This paper aims at contributing to a better knowledge of organizations' nature, physiology and pathologies, in order to improve their fitness for purpose. The mechanistic view of organizations has in fact delayed that. Systems thinking is needed to bring average organizational fitness to the levels needed by a global and closely interconnected world.
The paper is a synthesis of the author's experience as manager, consultant and teacher. By thinking back to the last 30 years of history of managing for quality and excellence, failures and successes, the causes of delay and even regression are explored. Borrowing from the systems view of organizations, a parallel is made between history of human beings' and organizations' healthcare.
Knowledge of the factors that make organizations fit for their purpose is still scarce, absolutely unfit for the challenges of an uncertain future. That is particularly true for those large organizations that govern globalization. Risks for humanity increase. It is no longer time to fiddle with management fads or panaceas for all diseases. It is time to use the modern approaches to complexity that systems thinking offers, overcoming the resistance of traditional thinking. Analytical thinking alone, in fact, may lead to squeeze the planet resources dry, neglecting the risks of long‐term negative impacts.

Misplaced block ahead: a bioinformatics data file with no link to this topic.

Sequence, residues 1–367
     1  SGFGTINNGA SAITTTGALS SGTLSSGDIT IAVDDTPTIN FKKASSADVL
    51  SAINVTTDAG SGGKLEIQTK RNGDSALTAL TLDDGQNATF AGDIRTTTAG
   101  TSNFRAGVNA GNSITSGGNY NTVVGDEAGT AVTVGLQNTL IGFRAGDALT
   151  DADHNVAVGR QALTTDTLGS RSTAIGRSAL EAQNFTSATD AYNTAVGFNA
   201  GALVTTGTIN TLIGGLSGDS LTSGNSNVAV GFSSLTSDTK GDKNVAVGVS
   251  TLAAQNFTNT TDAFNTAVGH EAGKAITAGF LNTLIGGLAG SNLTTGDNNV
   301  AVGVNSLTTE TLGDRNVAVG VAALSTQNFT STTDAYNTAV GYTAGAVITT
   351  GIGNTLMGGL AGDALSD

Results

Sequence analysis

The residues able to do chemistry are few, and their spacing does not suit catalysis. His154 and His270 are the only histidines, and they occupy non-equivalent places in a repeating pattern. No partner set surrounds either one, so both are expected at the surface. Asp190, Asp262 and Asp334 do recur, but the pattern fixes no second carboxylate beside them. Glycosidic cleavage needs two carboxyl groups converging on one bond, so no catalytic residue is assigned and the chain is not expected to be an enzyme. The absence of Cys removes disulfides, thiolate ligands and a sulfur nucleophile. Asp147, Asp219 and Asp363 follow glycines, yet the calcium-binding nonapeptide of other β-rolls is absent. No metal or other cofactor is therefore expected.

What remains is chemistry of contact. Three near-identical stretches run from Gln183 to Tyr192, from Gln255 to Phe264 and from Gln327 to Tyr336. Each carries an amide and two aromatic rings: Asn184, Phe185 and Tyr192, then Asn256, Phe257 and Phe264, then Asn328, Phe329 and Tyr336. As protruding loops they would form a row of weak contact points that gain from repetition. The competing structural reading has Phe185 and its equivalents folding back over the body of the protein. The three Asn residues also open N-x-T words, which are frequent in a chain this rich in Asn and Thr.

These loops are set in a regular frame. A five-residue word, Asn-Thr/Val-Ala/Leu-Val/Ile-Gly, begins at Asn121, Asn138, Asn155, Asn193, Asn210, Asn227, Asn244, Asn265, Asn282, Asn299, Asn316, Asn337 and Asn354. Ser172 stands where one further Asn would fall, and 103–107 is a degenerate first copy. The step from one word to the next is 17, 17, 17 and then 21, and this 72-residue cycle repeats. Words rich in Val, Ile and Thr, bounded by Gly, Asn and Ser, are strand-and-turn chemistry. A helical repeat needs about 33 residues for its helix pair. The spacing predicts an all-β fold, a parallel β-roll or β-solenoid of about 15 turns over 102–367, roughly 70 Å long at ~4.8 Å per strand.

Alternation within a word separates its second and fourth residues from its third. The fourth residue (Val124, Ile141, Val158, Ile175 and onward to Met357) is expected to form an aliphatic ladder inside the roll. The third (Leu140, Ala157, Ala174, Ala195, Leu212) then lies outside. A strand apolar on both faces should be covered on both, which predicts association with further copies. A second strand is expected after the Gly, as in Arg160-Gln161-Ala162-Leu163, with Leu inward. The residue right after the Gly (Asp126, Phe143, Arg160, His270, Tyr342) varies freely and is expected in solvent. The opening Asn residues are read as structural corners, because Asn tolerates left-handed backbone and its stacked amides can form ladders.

Conformism in managing for quality is still high. Rare are the papers that discuss the evolution of TQM/excellence models towards systemic models, where the system is socio‐cultural and the model covers doing the right things, not just doing things right.
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